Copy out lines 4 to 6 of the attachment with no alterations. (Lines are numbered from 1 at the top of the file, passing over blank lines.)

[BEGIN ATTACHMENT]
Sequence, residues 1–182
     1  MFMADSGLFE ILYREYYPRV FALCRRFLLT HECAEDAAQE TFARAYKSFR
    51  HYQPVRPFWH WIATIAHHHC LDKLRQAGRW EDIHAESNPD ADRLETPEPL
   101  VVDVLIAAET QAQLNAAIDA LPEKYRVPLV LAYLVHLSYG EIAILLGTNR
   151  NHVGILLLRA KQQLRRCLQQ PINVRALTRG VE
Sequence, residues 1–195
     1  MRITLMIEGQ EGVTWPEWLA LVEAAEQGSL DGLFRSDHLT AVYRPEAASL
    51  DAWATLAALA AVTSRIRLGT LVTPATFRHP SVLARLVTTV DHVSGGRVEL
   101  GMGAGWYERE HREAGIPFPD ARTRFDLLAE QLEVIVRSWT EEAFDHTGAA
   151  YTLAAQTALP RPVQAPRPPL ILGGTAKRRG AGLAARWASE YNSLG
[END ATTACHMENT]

   101  VVDVLIAAET QAQLNAAIDA LPEKYRVPLV LAYLVHLSYG EIAILLGTNR
   151  NHVGILLLRA KQQLRRCLQQ PINVRALTRG VE
Sequence, residues 1–195